The pandemic has been difficult for all students to navigate, but what about students with learning differences like ADHD?
Like so many, Jack Ehrichs would rather play you a song than open a text book.
"I take procrastination to a whole new level,” said Ehrichs.
As if it wasn't already hard enough to concentrate for the 22-year-old psychology major, he said the pandemic has made having ADHD even more complicated.
“It was a struggle for everyone,” said Ehrichs. “I was in the second semester of my sophomore year, and I had really started to get comfortable with in-person learning.”
What You Need To Know
- A study by Understood surveyed 1,500 parents about their children’s experience in school during the pandemic
- It found students with learning differences like ADHD were negatively impacted by remote learning
- Understood expert Dr. Andrew Kahn said finding a supportive community can make a big difference
Ehrichs said he struggled with school work when classes went online.
“I have a lot of anxiety about starting it,” said Ehrichs. “Then you get closer to the deadline, and I have more anxiety. Like, 'I really have to do this,' but it’s so scary, and then either I turn in work that I’m really not proud of and I get a poor grade, or I just don’t turn in anything and I get a terrible grade.”
The ADHD-anxiety connection Ehrichs spoke about is well known among professionals.
Dr. Andrew Kahn is a psychology and learning expert at Understood who has ADHD.
“It’s really about my brain is wired differently,” said Kahn. “I do think slightly differently, but most of it is about how to thrive and how to have a successful life, which is so much about what we’re focused on.”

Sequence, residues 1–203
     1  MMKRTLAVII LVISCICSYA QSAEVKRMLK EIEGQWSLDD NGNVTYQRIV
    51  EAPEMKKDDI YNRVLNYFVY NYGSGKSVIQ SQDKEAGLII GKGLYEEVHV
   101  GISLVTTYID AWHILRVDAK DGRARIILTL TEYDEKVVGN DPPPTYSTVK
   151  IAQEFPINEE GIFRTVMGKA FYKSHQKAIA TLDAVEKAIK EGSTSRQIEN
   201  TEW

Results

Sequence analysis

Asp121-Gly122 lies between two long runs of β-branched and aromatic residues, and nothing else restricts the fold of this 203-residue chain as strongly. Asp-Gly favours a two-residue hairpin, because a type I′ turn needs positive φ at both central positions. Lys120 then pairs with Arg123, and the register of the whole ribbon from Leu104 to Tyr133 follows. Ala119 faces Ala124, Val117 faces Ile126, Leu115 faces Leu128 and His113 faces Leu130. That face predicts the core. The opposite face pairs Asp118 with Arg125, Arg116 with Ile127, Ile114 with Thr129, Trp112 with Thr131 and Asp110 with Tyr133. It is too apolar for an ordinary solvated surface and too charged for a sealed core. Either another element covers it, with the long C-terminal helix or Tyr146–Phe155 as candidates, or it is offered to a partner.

Kahn has been studying the pandemic's impact on students. He found parents of children with ADHD reported a lot more challenges in remote learning compared with parents of children without.
“The challenge is a lot of this is about getting in the rhythm of your instruction,” said Kahn. “Individuals with a learning disabilities need a lot of structure and consistency, and we’re operating at a time where there’s periods of time where they’re not getting access, they weren’t building that momentum of being in school every day in a model that made sense to them.”
Kahn said he believes students with learning differences will get back on track, just like everyone else will. But establishing a supportive community that understands can ensure a student is on track to thrive.
“They learn and develop at a different rate than some of their peers,” said Kahn. “To ask for additional time, slow down the pace of some of the things we’re doing and to seek space for their learning and special need in that regard can make a massive difference."
Ehrichs has figured out a routine at home that works best for him. He said lately he’s learned to embrace the flexibility of online learning and he’s doing a lot better than he was at the beginning of the pandemic.
“It really takes a lot of motivation to get those asynchronous classes done, but at the same time, it’s kind of nice,” said Ehrichs. “Sometimes, you just have more wiggle room and are able to accomplish those tasks a little easier.”
He plans to graduate in December 2022, but knows it's more important to get it right than put a deadline on it.
“Sometimes, I need a little bit more time with a little less direction, and to find my own way,” said Ehrichs.